Agreed in a video call with @krisjaniskarins and @Skvernelis_S on opening internal borders between 🇪🇪-🇱🇻 and 🇱🇹-🇱🇻 to the people of Baltic States from 15 May. It’s a big step towards life as normal.

— Jüri Ratas (@ratasjuri) May 6, 2020

On the global scale, the Baltic states have seen comparative success dealing with the pandemic. All were quick to issue emergency measures before anyone within their borders had died of the disease. They have also tested aggressively and allowed experts to lead the way. Latvia and Estonia managed without a hard lockdown, meaning some businesses could still operate if proper precautions were taken. In large part, people have been fairly compliant with restrictive measures, and the governments have received international praise

Related: For these Latvian Americans, summer is for learning about their roots

Around half of the population of Saaremaa, one of Estonia’s islands, was estimated to be infected after a March sporting event with a visiting team from Italy. Overall there have been around 1,700 cases and 60 deaths in the country. In Lithuania, there have been just over 1,505 cases and 54 deaths. And in Latvia, fewer than 1,000 people have contracted COVID-19, while 19 people have died from the disease.

Baltijas valstīs 🇪🇪🇱🇻🇱🇹 turpina samazināties pēdējo 14 dienu saslimstība ar COVID-19
(dati līdz 13.maijam)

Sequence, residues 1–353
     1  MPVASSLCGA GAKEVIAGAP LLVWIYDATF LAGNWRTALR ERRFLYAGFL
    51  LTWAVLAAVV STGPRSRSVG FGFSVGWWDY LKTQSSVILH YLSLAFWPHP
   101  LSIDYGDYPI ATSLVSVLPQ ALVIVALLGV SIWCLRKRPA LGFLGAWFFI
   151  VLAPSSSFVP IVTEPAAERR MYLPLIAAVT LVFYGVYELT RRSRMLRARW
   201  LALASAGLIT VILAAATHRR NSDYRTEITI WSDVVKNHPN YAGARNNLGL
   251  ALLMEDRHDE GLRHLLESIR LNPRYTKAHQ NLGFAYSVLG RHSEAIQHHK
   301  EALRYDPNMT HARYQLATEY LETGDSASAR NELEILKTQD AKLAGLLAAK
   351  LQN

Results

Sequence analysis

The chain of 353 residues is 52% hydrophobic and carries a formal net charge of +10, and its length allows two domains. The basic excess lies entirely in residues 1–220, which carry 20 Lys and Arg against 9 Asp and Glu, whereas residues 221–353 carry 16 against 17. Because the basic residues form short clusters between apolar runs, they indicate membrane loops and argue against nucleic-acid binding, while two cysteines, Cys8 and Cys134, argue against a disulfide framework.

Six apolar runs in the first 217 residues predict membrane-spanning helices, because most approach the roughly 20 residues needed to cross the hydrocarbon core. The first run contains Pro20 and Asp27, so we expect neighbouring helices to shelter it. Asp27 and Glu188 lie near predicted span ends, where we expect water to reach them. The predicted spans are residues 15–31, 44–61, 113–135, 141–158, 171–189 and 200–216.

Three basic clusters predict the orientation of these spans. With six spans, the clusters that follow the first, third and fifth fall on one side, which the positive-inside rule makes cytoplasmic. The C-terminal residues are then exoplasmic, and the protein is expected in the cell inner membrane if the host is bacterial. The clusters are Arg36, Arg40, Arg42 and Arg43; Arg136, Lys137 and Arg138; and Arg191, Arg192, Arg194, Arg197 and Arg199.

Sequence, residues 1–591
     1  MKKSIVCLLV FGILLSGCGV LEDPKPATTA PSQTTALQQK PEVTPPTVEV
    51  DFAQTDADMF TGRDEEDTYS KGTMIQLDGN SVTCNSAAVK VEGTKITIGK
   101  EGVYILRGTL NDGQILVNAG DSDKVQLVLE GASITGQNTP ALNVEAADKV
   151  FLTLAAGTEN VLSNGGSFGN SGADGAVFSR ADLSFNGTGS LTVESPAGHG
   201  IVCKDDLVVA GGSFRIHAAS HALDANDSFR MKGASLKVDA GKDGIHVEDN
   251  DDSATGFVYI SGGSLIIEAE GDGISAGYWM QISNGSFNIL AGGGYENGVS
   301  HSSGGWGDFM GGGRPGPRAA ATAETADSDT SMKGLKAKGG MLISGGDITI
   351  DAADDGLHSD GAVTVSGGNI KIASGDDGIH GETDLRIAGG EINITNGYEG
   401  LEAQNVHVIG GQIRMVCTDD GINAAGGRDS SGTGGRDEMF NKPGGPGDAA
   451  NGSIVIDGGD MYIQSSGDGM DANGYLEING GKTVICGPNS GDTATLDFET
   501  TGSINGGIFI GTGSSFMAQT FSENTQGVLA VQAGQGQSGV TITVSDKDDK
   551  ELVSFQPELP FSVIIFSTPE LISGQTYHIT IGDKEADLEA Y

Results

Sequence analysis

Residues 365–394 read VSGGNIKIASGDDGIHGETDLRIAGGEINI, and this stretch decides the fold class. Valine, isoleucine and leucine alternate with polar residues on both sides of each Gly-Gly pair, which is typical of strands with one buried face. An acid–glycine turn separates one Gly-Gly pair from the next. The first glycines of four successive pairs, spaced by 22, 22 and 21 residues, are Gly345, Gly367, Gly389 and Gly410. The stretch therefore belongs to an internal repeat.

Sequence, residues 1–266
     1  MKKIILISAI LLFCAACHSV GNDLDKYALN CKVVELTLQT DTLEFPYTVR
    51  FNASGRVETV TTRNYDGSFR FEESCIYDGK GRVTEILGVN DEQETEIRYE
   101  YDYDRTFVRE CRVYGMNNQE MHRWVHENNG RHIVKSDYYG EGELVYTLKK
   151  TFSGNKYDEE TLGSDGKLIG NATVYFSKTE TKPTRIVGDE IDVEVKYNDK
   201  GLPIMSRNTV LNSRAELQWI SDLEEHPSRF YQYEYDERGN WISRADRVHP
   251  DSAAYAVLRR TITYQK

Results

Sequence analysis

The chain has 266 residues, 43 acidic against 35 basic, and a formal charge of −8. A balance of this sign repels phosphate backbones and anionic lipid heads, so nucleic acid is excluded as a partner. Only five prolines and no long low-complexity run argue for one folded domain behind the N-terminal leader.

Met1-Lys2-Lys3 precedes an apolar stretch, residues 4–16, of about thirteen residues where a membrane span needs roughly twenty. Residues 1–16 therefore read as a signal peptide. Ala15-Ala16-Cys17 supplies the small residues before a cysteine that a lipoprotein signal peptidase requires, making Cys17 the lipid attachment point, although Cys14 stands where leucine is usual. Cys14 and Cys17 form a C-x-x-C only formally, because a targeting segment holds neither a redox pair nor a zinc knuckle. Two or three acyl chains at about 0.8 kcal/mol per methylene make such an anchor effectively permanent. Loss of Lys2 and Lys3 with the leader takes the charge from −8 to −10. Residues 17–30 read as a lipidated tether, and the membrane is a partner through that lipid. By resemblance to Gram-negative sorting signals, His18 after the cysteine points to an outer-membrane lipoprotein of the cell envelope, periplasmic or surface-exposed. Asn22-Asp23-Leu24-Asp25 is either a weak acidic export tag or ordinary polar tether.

— Jānis Hermanis (@J_Hermanis) May 13, 2020

Broadly, the preventative measures taken have successfully slowed new infections to a trickle, which has allowed the countries to move to reopen together. 

The Baltics have approached the crisis with the innovation for which the region has become known. Estonia, which is a pioneer in technology and e-governance, has worked toward finding digital solutions to the crisis. In Vilnius, Lithuania, the city has turned into a giant open-air cafe. Minister of Health Ilze Viņķele, who has been at the forefront of the response in Latvia, even guest DJ-ed an online quarantine disco to lighten the mood. 

Related: Alyona Alyona breathes new life into Ukrainian rap scene

Still, reopening borders doesn’t mean the countries will stop taking precautions. 

“Not only the authorities, but our societies are still cautious,” said Marius Laurinavicus, a senior analyst at the Vilnius Institute of Policy Analysis in Lithuania. “But bearing in mind the situation in our countries is much better than in the other parts of Europe, we are trying to do our best to get our lives back to normal.”